by W.S. Cranshaw* (7/14)
- Hornworms are among the largest caterpillars found in Colorado.
- Although the “tomato hornworm” damages garden plants, most hornworm species cause insignificant plant injury.
- Adult stages of hornworms are known as sphinx, hawk, or “hummingbird” moths.
Whitelined sphinx, a common “hummingbird” moth.
Hornworms are among the largest of all caterpillars found in Colorado, some reaching lengths of three inches or more. Characteristically they sport a flexible spine (“horn”) on the hind end, although in some species this is lost and replaced with an eyespot marking. The most widely recognized hornworms are those that feed on tomatoes – the tomato hornworm and the tobacco hornworm. Although these two insects are considered garden pests, the majority of the more than 30 hornworm species found in Colorado are rarely observed and do not cause significant injury to plants.
Full-grown hornworm larvae migrate from their host plant and dig in loose soil where they pupate. Pupation occurs a few inches below the soil surface in a small chamber of packed earth. Pupae are typically brown, two inches or more in length, and many have a pronounced “snout” off the head end.
Adult stages of hornworms are heavy-bodied, strong flying insects known as sphinx or hawk moths. However, some local species are popularly known as “hummingbird moths”. These moths have a superficial resemblance to hummingbirds in flight while they similarly feed from deep-lobed flowers. The whitelined sphinx is the species most commonly observed in this habit and is usually most active during late afternoon and dusk. The great ash and twinspot sphinx are two other species commonly observed in “hummingbird moth” behavior. Adults of most hornworms (including the “tomato” hornworms) fly after dusk and are rarely observed except occasionally at porch lights.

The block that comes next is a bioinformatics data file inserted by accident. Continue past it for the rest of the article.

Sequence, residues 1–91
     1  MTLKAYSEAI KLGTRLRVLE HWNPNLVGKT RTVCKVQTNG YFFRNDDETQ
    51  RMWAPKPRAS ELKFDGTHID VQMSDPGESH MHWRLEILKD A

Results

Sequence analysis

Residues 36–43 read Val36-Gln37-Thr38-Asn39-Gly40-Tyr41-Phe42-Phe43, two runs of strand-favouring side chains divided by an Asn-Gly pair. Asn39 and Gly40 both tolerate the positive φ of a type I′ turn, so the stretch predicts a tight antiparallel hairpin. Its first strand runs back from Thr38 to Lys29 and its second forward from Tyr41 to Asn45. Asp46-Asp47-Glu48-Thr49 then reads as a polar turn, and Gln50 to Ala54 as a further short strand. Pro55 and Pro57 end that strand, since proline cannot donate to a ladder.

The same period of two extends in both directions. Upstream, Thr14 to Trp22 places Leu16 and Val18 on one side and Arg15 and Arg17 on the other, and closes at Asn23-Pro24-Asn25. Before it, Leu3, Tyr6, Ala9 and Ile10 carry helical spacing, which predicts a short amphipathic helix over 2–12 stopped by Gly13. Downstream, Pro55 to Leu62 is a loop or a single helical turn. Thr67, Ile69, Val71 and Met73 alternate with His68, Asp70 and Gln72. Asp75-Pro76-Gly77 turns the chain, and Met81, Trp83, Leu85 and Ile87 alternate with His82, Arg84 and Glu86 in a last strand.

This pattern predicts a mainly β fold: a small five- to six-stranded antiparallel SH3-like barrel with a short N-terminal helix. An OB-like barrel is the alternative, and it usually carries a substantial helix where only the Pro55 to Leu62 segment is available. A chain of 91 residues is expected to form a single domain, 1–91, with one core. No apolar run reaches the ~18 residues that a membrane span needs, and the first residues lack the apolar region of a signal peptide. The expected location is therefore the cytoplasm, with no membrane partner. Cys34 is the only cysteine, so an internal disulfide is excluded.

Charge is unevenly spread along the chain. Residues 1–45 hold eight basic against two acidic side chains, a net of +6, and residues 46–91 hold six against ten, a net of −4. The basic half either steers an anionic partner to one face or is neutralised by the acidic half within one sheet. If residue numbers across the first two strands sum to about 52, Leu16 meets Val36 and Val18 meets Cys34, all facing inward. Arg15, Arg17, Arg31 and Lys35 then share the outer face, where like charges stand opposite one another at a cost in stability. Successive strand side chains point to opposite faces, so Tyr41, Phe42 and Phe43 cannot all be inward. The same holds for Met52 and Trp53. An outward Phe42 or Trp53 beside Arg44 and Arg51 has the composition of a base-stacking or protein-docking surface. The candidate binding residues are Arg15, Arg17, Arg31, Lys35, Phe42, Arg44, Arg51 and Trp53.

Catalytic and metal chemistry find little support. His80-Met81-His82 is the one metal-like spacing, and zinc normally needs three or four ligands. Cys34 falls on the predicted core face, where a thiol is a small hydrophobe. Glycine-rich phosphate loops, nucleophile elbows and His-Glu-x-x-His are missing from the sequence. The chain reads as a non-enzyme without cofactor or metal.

Achemon sphinx larva.
Achemon sphinx adult.
Tomato hornworm sphinx full-grown larva.
Tobacco hornworm full-grown larva.
Whitelined sphinx larva.
Tomato hornworm adult.
Tobacco hornworm adult.
(Butterflies and Moths of North America, a Web site maintained by the USGS Northern Prairie Wildlife Research Center, documents the known distribution of various moths, including sphinx moths. It’s available at: www.npwrc.usgs.gov)